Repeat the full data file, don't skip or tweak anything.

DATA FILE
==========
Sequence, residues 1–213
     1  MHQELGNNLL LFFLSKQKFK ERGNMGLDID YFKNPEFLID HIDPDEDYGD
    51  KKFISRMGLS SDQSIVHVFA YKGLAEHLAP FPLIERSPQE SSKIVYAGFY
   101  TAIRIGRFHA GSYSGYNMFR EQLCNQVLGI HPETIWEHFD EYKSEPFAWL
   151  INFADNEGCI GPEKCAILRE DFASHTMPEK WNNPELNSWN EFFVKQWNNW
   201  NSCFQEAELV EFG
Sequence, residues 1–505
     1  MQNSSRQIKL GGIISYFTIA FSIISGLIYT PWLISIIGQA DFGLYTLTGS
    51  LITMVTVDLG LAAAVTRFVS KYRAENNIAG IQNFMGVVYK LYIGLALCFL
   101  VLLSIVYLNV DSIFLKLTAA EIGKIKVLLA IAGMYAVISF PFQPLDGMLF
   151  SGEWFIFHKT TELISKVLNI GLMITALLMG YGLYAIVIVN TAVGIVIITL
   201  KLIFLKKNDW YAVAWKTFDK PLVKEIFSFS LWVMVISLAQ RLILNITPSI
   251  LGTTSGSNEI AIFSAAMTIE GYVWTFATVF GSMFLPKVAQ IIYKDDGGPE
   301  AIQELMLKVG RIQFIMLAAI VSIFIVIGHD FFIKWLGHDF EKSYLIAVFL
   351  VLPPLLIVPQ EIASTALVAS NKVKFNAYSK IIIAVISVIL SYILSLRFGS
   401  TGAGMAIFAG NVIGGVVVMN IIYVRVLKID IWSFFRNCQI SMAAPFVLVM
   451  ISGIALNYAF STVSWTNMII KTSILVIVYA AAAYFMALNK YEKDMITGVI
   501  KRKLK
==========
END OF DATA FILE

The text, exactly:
Sequence, residues 1–213
     1  MHQELGNNLL LFFLSKQKFK ERGNMGLDID YFKNPEFLID HIDPDEDYGD
    51  KKFISRMGLS SDQSIVHVFA YKGLAEHLAP FPLIERSPQE SSKIVYAGFY
   101  TAIRIGRFHA GSYSGYNMFR EQLCNQVLGI HPETIWEHFD EYKSEPFAWL
   151  INFADNEGCI GPEKCAILRE DFASHTMPEK WNNPELNSWN EFFVKQWNNW
   201  NSCFQEAELV EFG
Sequence, residues 1–505
     1  MQNSSRQIKL GGIISYFTIA FSIISGLIYT PWLISIIGQA DFGLYTLTGS
    51  LITMVTVDLG LAAAVTRFVS KYRAENNIAG IQNFMGVVYK LYIGLALCFL
   101  VLLSIVYLNV DSIFLKLTAA EIGKIKVLLA IAGMYAVISF PFQPLDGMLF
   151  SGEWFIFHKT TELISKVLNI GLMITALLMG YGLYAIVIVN TAVGIVIITL
   201  KLIFLKKNDW YAVAWKTFDK PLVKEIFSFS LWVMVISLAQ RLILNITPSI
   251  LGTTSGSNEI AIFSAAMTIE GYVWTFATVF GSMFLPKVAQ IIYKDDGGPE
   301  AIQELMLKVG RIQFIMLAAI VSIFIVIGHD FFIKWLGHDF EKSYLIAVFL
   351  VLPPLLIVPQ EIASTALVAS NKVKFNAYSK IIIAVISVIL SYILSLRFGS
   401  TGAGMAIFAG NVIGGVVVMN IIYVRVLKID IWSFFRNCQI SMAAPFVLVM
   451  ISGIALNYAF STVSWTNMII KTSILVIVYA AAAYFMALNK YEKDMITGVI
   501  KRKLK